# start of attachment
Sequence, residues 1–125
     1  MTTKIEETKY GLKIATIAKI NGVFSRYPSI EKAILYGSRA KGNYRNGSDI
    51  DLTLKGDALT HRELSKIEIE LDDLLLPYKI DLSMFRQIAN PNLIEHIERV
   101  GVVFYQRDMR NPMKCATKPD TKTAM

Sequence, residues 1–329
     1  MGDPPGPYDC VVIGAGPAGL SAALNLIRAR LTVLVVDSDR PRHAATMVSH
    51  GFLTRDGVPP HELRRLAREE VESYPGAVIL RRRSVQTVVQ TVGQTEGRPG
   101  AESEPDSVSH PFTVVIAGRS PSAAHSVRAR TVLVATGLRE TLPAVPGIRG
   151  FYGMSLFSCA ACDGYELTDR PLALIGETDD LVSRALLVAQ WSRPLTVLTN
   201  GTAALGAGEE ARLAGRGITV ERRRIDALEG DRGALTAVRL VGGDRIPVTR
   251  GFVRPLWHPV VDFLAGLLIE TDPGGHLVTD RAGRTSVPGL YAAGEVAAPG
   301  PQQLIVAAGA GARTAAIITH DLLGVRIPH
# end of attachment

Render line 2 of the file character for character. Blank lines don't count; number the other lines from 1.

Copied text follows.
     1  MTTKIEETKY GLKIATIAKI NGVFSRYPSI EKAILYGSRA KGNYRNGSDI